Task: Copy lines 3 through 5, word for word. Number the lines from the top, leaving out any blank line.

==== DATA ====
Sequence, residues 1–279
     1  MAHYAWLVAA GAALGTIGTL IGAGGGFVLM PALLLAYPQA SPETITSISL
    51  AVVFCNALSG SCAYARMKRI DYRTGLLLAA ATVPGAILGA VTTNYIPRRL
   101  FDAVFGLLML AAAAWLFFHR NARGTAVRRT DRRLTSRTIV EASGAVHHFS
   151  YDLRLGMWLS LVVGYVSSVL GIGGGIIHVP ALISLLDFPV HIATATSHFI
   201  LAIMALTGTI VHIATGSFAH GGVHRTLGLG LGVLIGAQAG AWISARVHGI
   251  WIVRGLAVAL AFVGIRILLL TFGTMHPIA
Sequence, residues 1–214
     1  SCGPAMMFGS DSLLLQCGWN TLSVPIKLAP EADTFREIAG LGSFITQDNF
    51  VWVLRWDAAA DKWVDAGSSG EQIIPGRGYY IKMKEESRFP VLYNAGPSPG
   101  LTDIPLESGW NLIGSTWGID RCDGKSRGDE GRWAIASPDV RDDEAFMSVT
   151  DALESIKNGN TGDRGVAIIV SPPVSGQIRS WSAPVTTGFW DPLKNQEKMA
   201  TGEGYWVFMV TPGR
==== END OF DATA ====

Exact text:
    51  AVVFCNALSG SCAYARMKRI DYRTGLLLAA ATVPGAILGA VTTNYIPRRL
   101  FDAVFGLLML AAAAWLFFHR NARGTAVRRT DRRLTSRTIV EASGAVHHFS
   151  YDLRLGMWLS LVVGYVSSVL GIGGGIIHVP ALISLLDFPV HIATATSHFI